You should not take assault and battery charges lightly. You could end up spending considerable time in jail, on top of having to live with a criminal record. If you face such charges, you might think claiming you acted in self-defense is your best bet, but it is not always.
You need to ask yourself several questions before choosing to claim self-defense.
Were you in immediate danger?
A reaction to defend yourself can only occur in the face of imminent danger or risk. If you were not in immediate danger at the time of the alleged assault, your defense might not hold. It could be considered retaliatory action, reinforcing your assault charges.
Was your reaction proportional to the danger or risk?
Your self-defense might not be reliable if your reaction is not proportional. For instance, if someone pushes you and you knife them, a self-defense claim may not hold. In short, your reaction should be equal to the threat or danger you were facing at the time.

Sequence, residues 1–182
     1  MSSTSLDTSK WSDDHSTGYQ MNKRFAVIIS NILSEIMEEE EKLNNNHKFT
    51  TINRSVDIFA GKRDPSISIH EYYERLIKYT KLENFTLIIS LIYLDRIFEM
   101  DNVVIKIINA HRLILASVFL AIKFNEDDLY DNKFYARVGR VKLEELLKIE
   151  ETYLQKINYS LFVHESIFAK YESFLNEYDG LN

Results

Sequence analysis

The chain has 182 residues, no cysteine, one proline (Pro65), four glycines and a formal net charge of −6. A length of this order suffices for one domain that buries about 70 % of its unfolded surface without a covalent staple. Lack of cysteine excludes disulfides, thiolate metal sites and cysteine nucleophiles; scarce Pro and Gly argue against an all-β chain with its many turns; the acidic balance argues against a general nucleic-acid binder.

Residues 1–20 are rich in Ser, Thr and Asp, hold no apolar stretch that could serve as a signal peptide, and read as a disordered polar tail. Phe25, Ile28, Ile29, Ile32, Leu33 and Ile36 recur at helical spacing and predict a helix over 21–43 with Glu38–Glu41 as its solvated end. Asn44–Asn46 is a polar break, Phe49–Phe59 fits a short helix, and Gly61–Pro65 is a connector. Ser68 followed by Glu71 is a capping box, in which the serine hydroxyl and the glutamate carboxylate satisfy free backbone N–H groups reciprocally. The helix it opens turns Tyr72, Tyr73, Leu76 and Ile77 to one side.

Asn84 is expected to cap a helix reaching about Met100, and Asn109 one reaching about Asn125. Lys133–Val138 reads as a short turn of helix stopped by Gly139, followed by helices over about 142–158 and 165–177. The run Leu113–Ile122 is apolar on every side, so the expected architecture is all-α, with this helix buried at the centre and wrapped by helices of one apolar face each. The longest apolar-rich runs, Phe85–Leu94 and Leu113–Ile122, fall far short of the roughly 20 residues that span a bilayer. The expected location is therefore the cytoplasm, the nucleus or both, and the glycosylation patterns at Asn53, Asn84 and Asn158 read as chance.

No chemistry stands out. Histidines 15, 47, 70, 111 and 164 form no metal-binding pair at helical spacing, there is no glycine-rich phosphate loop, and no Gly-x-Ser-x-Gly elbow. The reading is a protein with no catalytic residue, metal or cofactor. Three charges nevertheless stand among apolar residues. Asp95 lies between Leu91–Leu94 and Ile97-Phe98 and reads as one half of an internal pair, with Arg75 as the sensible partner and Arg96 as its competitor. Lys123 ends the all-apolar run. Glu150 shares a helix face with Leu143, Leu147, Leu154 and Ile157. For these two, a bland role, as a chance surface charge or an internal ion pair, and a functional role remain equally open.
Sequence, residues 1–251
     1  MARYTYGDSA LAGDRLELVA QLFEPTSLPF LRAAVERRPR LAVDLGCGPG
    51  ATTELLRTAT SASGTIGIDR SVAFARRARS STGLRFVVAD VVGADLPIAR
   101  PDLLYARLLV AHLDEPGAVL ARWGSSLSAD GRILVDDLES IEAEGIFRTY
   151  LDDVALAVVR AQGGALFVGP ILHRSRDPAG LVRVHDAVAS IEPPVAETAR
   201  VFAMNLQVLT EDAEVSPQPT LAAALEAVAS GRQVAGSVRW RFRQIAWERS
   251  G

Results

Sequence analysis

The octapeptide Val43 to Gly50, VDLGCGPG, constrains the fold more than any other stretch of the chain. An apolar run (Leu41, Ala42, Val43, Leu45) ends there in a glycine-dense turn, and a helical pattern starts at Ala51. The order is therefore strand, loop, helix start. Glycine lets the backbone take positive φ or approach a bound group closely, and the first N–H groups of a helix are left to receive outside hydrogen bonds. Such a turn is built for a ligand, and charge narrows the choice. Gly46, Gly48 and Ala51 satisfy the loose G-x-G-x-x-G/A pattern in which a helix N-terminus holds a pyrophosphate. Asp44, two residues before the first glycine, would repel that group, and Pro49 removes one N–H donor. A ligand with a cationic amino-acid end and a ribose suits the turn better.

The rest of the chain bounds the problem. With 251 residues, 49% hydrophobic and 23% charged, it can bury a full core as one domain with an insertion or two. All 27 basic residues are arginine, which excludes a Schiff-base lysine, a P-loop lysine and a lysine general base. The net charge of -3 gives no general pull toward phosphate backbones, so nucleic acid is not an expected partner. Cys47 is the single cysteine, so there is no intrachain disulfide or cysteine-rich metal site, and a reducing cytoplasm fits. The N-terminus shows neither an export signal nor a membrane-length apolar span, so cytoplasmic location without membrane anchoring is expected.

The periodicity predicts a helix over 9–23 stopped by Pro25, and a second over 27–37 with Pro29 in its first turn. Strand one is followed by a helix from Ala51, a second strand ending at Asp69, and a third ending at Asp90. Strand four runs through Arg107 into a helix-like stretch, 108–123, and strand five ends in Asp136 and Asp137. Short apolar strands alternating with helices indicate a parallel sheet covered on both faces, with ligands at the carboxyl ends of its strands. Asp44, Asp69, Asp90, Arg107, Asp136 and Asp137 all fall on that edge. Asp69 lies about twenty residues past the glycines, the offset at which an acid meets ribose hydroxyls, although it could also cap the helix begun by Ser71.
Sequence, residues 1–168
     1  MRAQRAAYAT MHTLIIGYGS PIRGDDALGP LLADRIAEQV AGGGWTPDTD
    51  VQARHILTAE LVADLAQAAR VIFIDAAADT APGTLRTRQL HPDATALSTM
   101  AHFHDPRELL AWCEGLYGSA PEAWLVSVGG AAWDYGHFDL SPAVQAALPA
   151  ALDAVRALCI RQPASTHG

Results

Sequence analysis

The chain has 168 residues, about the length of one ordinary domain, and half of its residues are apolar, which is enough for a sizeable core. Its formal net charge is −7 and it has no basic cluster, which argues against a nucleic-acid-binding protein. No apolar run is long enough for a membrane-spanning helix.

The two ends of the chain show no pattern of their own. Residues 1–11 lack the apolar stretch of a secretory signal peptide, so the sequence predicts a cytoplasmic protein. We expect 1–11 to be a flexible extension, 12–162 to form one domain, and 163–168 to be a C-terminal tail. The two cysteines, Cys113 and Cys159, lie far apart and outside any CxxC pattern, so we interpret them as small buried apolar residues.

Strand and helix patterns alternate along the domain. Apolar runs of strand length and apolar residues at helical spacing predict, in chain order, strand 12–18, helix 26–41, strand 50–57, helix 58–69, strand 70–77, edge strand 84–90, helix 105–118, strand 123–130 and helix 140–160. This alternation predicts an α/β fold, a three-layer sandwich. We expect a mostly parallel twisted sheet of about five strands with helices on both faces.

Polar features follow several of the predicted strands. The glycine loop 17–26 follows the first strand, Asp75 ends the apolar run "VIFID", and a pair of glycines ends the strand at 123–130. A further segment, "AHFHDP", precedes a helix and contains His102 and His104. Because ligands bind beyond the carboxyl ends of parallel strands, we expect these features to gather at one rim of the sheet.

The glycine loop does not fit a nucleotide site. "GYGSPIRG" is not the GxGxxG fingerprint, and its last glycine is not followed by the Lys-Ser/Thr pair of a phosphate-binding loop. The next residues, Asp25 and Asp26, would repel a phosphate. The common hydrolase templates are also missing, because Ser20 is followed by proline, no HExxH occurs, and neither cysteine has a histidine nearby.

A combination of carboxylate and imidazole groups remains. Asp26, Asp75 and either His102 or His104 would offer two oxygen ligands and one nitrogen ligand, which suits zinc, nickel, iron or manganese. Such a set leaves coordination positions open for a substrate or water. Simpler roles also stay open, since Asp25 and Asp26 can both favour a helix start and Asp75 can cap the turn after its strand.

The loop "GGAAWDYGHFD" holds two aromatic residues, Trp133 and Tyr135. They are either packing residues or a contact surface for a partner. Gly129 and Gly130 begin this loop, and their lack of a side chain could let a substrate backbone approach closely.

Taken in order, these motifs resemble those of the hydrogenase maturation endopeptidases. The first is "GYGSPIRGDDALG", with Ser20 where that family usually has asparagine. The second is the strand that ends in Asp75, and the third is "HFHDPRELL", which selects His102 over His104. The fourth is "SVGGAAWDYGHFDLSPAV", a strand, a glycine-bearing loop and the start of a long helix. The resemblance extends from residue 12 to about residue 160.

Did you have a duty to retreat?
In some jurisdictions, the law requires you to avoid confrontation by retreating from the aggressor. However, under West Virginia laws, you have a right to stand your ground. It means that you are allowed to react proportionally and reasonably to defend yourself.
You do not bear the burden of proof
Like all criminal cases, the prosecution must prove your guilt beyond doubt. If you show that your actions were aimed only to defend yourself, then the charges against you may be reduced or even dropped. However, this depends on making wise decisions throughout your trial.